Monday, May 30, 2016

God Vanishes in a Puff of Logic

Renee Descartes, after proving the existence of God to his satisfaction, uses God to get himself out of the radically skeptical corner he painted himself into with his cogito. He reasons that God is perfect, and a perfect Being would not deceive him, as deception is a form of imperfection. Therefore he can deduce that the world he experiences is real and not a product of God deceiving his senses.

I think that the same line of reasoning can be used to prove that God does not exist:

1. God is perfect.
2. Deception is a form of imperfection, and a perfect Being would not deceive us.
3. Therefore a perfect being would not deceive us by creating us in such a way that we would perceive things that are not true.
3a. AND a perfect Being would not lie to us.
4. What we perceive often contradicts what God told us.
C. God doesn't exist. QED

I really enjoy this argument. There is something satisfying about turning the Ontological Argument on its head and defining God out of existence. And it reminds me of the argument from Hitchhiker's Guide To the Galaxy that the Babel Fish is so obviously a proof for God's existence that it proves He doesn't exist. Unfortunately, I don't think the argument is sound.

Premise one may not be true, and the argument only disproves the existence of a perfect God. Premise two may not be true, and perfection may include the ability to do all things, including to deceive. Premise five may not be true, and is in fact the subject of a lot of apologetics that attempt to reconcile religion and science. I'm afraid that the whole thing feels like sophistry. Still fun though.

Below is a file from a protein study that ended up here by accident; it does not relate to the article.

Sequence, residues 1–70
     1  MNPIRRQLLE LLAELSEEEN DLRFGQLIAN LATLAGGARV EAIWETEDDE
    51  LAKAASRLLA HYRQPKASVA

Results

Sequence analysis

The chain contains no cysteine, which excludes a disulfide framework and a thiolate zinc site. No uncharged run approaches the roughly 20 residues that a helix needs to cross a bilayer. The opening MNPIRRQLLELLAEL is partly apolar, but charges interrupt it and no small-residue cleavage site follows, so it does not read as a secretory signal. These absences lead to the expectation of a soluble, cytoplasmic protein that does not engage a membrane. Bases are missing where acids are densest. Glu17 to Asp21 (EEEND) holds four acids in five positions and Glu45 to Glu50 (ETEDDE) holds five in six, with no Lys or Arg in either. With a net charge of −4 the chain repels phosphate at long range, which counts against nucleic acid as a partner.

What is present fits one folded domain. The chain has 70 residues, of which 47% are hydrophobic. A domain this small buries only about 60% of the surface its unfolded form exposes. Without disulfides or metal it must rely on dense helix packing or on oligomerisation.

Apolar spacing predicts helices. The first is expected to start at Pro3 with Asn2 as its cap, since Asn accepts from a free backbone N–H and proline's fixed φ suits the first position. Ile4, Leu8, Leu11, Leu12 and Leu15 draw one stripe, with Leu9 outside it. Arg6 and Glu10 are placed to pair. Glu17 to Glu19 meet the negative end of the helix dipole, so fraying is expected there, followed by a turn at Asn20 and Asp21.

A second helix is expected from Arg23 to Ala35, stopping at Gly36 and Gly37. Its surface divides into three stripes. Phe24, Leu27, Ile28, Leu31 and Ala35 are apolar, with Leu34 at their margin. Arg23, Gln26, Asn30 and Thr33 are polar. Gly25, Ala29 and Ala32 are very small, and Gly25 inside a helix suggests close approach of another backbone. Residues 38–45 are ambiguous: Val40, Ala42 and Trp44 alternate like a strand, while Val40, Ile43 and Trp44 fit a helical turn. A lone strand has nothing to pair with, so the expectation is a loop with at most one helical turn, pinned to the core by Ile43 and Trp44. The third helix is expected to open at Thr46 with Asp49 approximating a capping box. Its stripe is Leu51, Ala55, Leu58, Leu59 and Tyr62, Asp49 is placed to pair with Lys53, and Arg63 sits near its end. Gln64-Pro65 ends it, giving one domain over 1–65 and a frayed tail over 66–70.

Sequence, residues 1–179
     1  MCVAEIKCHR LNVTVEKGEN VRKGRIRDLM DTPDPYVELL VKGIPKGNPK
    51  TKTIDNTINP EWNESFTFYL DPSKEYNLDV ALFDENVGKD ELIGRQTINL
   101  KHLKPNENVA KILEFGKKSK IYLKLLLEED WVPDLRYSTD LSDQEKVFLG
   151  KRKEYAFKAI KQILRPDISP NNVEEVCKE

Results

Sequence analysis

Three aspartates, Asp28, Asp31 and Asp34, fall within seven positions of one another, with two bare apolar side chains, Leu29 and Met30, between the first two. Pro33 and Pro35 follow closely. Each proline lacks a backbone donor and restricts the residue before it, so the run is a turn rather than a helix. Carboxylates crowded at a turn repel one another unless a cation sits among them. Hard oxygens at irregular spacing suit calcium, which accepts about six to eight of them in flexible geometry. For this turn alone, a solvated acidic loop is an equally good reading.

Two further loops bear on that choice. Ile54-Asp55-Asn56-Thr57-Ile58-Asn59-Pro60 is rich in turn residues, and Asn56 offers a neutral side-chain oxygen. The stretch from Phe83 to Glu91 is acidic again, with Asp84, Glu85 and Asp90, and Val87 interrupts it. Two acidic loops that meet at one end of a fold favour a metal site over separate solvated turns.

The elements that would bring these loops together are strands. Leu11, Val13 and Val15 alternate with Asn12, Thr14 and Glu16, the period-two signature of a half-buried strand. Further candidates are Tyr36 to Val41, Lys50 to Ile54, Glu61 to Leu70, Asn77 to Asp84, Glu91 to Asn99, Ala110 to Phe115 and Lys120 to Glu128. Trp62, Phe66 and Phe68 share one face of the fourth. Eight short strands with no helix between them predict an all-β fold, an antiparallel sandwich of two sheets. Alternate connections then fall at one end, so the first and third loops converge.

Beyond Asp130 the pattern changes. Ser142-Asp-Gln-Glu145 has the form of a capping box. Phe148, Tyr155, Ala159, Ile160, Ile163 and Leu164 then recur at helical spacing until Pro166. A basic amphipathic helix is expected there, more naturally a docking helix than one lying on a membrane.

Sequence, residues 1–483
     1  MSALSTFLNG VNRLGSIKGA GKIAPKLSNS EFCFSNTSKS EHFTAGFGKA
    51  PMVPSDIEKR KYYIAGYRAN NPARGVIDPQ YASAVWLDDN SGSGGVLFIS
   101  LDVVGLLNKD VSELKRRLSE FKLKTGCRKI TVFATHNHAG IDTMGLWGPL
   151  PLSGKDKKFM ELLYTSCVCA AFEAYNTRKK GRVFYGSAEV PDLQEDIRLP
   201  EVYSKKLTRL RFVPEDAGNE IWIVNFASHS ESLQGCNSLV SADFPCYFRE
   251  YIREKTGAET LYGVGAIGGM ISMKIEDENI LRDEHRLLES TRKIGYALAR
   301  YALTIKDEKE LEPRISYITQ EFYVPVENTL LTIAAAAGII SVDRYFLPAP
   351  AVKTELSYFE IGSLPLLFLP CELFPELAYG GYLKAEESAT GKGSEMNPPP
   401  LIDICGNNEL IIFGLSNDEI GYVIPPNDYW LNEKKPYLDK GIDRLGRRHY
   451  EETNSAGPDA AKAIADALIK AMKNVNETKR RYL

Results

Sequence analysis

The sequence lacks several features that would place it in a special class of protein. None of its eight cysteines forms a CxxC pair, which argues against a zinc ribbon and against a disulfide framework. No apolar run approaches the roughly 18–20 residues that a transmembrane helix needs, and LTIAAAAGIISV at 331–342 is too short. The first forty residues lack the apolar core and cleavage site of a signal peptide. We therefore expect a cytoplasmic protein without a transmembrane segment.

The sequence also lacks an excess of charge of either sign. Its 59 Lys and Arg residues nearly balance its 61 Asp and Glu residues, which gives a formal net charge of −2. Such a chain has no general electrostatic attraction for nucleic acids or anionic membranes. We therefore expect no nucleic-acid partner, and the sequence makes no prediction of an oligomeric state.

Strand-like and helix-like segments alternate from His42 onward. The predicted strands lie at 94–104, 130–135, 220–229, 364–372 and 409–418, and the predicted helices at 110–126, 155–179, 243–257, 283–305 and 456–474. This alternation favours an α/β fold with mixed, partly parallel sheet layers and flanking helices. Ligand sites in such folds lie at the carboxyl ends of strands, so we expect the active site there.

Thursday, May 26, 2016

Plato's Midrash

I was listening to lecture about Aristophanes when the lecturer brought up Aristophanes' role in Plato's Symposium. The philosophers who had gathered for the event were discussing love. Aristophanes, fed up with their over-intellectualizing, makes a ridiculously over-the-top speech about how when the gods had first created people, there hadn't been two genders, as there are now. The first people were round, androgynous creatures and were essentially two people stuck together back-to-back. They were enormous, and rolled around the world, looking to fight with the gods. The gods separated each creature into two people, but allowed the halves to find each other again. Today people still look for their missing half, and love is gift from the gods.

This story struck me as familiar. There's a midrash that describes Adam Harishon in exactly the same way: